Board member Barbara Pulliam said any effort at energy savings should include the system's Broad Street headquarters.

"If you're going to do it, do it all over," she said.

On Friday, the conservation team did just that, visiting offices throughout the building.

Officials are also trying to get schools to cut down on vending machines, which cost about $400 each annually in energy expenses, board members were told. There are 127 vending machines in the school system.

Doors left open, officials said, cost $5 an hour each in lost heating or cooling.

The conservation team also is replacing some manual thermostats with programmable digital versions that lock and are set to turn on and off at certain times.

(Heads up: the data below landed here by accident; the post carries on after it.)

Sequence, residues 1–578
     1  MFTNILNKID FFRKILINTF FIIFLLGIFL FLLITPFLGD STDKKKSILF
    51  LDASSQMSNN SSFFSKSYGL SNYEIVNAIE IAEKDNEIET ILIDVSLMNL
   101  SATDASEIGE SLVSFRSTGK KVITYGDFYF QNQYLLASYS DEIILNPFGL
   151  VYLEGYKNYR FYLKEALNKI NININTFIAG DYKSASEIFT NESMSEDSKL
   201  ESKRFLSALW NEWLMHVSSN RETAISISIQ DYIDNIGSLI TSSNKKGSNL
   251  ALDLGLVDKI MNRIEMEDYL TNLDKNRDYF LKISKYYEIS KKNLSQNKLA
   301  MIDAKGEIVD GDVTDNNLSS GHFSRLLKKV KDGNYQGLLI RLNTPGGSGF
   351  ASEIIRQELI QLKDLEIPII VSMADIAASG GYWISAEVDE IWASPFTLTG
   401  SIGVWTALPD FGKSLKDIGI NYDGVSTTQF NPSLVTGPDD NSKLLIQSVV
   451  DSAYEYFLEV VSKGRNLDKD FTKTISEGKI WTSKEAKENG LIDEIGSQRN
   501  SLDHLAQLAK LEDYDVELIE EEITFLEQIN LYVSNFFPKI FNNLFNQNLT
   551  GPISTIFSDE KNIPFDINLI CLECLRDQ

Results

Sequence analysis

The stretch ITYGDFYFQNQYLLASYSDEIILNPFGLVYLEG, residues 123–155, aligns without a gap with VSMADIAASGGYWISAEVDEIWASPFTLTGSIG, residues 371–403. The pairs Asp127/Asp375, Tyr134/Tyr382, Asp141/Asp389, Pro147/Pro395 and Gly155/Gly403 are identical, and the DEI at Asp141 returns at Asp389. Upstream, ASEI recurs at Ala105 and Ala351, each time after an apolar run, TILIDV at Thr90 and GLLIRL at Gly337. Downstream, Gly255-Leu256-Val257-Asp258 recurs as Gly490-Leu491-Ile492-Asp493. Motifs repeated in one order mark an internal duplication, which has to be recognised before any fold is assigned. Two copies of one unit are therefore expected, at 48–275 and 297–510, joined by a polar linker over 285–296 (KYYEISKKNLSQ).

Temperatures recently became a topic of discussion after some board members heard that classrooms are kept at 68 degrees in the winter and 78 in the summer because of state guidelines. Some members said 68 is too cool, but they were quickly told that to increase the temperature by just 2 to 4 degrees would cost the system an extra $70,000 a year.

Dr. Bedden reminded board members how energy savings have helped in the past amid tight budgets. He noted how the system was able to be $4.4 million under budget last year, which meant two fewer furlough days than called for by the governor.

"A big chunk of that was changing how we do business with energy," he said. "So we saved people two days of furlough by following recommended temperatures."

Reach Preston Sparks at (706) 828-3851 or preston.sparks@augustachronicle.com.

The Impact

Richmond County school officials are working to cut more than $1.6 million out of the system's annual $6.5 million utility bill, which includes $4.7 million for electricity.

240: Minifridges found during an audit of Richmond County schools and the main office
$9,600: Yearly energy cost for 240 minifridges (at a yearly cost of $40 each)

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uptheseventhplanet
1
Points